Myall Creek massacre

Recolouration of Myall Creek Massacre scene lithograph - "Australian Aborigines Slaughtered by Convicts, by Phiz, The Book of Remarkable Trials, 1840; Chronicles of Crime V. II, 1841." produced for a Gamilaraay Surviving Descendants community project

The Myall Creek massacre at Myall Creek near the Gwydir River, in the central New South Wales district of Namoi, involved the brutal killing of at least twenty-eight unarmed Indigenous Australians by eleven colonists on 10 June 1838 at the Myall Creek near Bingara, Murchison County, in northern New South Wales.[1][2] After two trials, seven of the eleven colonists were found guilty of murder and hanged.[2]

Description of the massacre

A group of eleven stockmen, consisting of assigned convicts and former convicts, led by John Henry Fleming, who was from Mungie Bundie Run near Moree, arrived at Henry Dangar's Myall Creek station in New England on 9 June 1838. They rode up to the station huts beside which were camped a group of approximately thirty-five Aboriginal people. They were part of the Wirrayaraay (alternative spelling: Weraerai) group who belonged to the Kamilaroi people. They had been camped at the station for a few weeks after being invited by one of the convict stockmen, Charles Kilmeister (or Kilminister), to come to their station for their safety and protection from the gangs of marauding stockmen who were roaming the district slaughtering any Aboriginal people they could find.[3] These Aboriginal people had previously been camped peacefully at McIntyre's station for a few months. They were therefore well known to the whites. Most of them had been given European names such as Daddy, King Sandy, Joey, Martha and Charley. Some of the children spoke a certain amount of English. When the stockmen rode into their camp they fled into the convict's hut pleading for protection.[4][5]

When asked by the station hut keeper, George Anderson, what they were going to do with the Aboriginal people, John Russell said they were going to "take them over the back of the range and frighten them". The stockmen then entered the hut, tied them to a long tether rope and led them away. They took them to a gully on the side of the ridge about 800 metres to the west of the station huts. There they slaughtered them all except for one woman whom they kept with them for the next couple of days. The approximately 28 people they murdered were largely women, children and old men. Ten younger men were away on a neighbouring station cutting bark. Most of the people were slaughtered with swords as George Anderson, who refused to join the massacre, clearly heard there were just two shots. Unlike Anderson, Charles Kilmeister joined the slaughter.[4]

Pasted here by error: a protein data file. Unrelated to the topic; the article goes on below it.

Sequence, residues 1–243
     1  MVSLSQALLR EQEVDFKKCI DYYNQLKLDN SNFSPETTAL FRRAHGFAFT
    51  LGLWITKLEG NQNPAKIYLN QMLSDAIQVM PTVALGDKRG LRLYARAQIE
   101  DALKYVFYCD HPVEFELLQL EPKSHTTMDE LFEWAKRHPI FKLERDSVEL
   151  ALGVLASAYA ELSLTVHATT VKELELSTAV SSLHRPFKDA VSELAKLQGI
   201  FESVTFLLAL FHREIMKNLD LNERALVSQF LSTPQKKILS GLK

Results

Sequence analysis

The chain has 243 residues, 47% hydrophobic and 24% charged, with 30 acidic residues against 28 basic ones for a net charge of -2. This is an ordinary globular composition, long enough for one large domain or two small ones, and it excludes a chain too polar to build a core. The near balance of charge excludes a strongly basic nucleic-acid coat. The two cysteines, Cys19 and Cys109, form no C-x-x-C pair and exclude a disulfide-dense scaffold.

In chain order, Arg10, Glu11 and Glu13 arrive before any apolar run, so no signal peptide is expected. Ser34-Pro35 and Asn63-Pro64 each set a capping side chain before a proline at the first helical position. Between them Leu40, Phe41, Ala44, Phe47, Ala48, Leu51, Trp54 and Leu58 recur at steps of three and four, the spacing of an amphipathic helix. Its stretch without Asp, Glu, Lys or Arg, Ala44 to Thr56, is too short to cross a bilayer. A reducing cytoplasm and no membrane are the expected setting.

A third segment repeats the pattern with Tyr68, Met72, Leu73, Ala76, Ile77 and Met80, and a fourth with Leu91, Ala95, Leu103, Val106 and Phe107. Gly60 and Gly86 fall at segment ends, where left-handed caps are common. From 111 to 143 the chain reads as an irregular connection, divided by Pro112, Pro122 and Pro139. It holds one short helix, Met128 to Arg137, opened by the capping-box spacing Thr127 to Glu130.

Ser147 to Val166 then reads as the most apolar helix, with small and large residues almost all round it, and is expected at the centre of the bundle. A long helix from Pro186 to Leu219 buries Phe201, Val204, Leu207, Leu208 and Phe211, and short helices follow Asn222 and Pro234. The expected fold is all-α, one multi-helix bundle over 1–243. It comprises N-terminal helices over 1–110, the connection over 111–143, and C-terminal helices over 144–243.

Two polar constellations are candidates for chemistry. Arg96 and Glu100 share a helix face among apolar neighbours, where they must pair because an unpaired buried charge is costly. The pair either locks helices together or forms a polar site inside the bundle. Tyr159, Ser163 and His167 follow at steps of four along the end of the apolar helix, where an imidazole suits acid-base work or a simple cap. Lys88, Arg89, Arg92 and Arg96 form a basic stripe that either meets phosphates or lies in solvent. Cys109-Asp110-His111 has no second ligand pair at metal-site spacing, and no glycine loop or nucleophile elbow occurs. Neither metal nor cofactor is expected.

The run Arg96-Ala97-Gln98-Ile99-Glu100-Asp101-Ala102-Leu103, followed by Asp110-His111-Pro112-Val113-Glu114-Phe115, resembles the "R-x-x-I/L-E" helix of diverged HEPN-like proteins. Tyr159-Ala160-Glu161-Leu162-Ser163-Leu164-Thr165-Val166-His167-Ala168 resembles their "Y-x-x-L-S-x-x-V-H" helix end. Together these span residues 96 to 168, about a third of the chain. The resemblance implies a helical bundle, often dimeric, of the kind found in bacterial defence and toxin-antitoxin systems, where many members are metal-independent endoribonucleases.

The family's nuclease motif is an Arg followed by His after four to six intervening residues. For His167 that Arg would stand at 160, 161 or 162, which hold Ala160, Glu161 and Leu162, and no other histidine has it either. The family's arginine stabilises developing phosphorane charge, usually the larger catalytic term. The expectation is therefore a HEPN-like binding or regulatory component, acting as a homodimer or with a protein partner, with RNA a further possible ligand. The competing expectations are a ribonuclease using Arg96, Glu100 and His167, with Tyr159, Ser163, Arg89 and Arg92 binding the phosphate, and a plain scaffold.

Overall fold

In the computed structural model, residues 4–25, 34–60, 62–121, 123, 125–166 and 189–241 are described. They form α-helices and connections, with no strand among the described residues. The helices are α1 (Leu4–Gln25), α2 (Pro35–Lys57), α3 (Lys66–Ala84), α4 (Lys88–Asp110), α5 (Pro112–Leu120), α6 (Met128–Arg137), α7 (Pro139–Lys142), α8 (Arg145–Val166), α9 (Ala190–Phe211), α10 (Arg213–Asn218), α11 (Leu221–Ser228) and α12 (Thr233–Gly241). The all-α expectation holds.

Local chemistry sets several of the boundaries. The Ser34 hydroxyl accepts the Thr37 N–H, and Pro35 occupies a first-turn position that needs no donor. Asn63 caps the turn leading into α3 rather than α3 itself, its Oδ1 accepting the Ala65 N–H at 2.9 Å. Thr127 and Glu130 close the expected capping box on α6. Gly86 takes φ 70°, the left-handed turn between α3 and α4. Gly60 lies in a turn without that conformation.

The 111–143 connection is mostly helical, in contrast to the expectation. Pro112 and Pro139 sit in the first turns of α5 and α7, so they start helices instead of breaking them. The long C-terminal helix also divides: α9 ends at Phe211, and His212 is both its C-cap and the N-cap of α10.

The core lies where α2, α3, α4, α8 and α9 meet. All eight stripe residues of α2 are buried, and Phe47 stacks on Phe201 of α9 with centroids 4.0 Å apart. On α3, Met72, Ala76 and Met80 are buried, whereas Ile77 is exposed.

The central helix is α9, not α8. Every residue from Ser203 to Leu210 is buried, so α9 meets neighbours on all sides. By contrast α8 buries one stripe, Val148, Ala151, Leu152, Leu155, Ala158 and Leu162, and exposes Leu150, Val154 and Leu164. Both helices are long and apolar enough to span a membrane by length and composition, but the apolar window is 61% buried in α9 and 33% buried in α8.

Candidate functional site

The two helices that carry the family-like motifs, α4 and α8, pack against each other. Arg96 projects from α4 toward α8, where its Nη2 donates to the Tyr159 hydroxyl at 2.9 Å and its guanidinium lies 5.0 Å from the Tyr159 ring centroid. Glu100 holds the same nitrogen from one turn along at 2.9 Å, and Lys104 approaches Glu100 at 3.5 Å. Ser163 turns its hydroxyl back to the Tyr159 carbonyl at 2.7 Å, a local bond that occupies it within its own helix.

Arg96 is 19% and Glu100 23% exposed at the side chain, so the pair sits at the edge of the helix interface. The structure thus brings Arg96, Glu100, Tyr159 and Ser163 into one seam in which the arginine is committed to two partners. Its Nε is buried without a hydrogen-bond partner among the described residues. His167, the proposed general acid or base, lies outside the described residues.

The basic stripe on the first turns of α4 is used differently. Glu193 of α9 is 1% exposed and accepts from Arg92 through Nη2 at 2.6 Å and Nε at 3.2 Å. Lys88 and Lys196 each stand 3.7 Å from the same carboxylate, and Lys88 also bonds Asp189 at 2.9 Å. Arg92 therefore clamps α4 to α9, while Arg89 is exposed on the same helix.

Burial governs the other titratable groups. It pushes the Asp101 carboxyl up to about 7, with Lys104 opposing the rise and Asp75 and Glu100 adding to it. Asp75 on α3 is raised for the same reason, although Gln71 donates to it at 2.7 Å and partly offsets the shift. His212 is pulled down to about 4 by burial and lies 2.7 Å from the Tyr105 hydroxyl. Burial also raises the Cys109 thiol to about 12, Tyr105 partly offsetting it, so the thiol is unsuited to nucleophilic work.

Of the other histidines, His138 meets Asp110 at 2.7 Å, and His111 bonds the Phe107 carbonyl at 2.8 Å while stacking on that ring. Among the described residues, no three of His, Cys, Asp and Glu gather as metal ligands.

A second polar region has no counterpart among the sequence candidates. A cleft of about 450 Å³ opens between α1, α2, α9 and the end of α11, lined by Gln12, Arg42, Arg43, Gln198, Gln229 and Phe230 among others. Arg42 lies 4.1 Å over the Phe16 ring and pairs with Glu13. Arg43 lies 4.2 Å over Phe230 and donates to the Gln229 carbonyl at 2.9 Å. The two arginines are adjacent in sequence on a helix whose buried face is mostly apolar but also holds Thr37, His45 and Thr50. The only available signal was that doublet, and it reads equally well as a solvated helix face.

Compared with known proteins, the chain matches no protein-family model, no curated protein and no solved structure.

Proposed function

Testimony was later given at trial that the children had been beheaded while the men and women were forced to run as far as they could between the stockyard fence and a line of sword-wielding stockmen who hacked at them as they passed. After the massacre, Fleming and his gang rode off looking to kill the remainder of the group, who they knew had gone to the neighbouring station. They failed to find the other Aboriginal people as they had returned to Myall that night and left after being warned the killers would be returning. On the party's return to Myall two days later, they dismembered and burnt the bodies before resuming the search for the remaining people.[6] The ten people had gone to MacIntyre's station near Inverell, 40 kilometres to the east, where between 30 and 40 Aboriginal people were reportedly murdered with their bodies being cast onto a large fire. Many suspect this massacre was also committed by the same stockmen. After several days of heavy drinking the party dispersed.[4][7]

When the manager of the station, William Hobbs, returned several days later and discovered the bodies, counting up to twenty-eight of them (as they were beheaded and dismembered he had difficulty determining the exact number) he decided to report the incident but Kilmeister initially talked him out of it. Hobbs discussed it with a neighbouring station overseer, Thomas Foster, who told squatter Frederick Foot who rode to Sydney to report it to the new Governor, George Gipps. Supported by the Attorney General, John Plunkett, Gipps ordered Police Magistrate Edward Denny Day at Muswellbrook to investigate the massacre.[4]

They carried out a thorough investigation despite the bodies having been removed from the massacre site where only a few bone fragments remained. He arrested eleven of the twelve perpetrators. The only one to escape was the only free man involved, the leader, John Fleming. Anderson was crucial in identifying the arrested men. He had initially refused to name the men involved but after finding out that the massacre had been planned more than a week earlier to coincide with the absence of Hobbs he agreed to identify the killers to the magistrate.[4]

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